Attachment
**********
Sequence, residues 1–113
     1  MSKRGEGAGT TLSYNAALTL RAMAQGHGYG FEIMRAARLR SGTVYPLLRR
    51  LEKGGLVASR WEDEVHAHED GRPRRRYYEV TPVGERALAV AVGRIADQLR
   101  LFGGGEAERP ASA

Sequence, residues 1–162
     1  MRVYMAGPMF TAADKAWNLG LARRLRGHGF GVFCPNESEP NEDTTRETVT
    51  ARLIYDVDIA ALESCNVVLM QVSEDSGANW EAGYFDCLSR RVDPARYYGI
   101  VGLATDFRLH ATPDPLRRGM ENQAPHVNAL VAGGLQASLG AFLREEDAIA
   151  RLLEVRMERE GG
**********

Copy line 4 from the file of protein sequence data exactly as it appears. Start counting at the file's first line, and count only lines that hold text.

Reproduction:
   101  LFGGGEAERP ASA